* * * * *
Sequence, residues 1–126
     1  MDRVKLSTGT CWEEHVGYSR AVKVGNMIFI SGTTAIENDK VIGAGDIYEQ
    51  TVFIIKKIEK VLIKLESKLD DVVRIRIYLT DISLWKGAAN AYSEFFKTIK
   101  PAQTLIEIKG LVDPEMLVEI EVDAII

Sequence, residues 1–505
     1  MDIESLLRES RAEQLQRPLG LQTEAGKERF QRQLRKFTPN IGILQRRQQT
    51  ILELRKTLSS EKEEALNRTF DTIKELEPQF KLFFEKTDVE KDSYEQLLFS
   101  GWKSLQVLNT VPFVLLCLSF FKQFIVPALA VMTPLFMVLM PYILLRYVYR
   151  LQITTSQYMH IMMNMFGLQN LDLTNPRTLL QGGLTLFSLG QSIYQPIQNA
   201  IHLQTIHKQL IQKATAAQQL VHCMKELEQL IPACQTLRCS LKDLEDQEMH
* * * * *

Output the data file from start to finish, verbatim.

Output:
Sequence, residues 1–126
     1  MDRVKLSTGT CWEEHVGYSR AVKVGNMIFI SGTTAIENDK VIGAGDIYEQ
    51  TVFIIKKIEK VLIKLESKLD DVVRIRIYLT DISLWKGAAN AYSEFFKTIK
   101  PAQTLIEIKG LVDPEMLVEI EVDAII

Sequence, residues 1–505
     1  MDIESLLRES RAEQLQRPLG LQTEAGKERF QRQLRKFTPN IGILQRRQQT
    51  ILELRKTLSS EKEEALNRTF DTIKELEPQF KLFFEKTDVE KDSYEQLLFS
   101  GWKSLQVLNT VPFVLLCLSF FKQFIVPALA VMTPLFMVLM PYILLRYVYR
   151  LQITTSQYMH IMMNMFGLQN LDLTNPRTLL QGGLTLFSLG QSIYQPIQNA
   201  IHLQTIHKQL IQKATAAQQL VHCMKELEQL IPACQTLRCS LKDLEDQEMH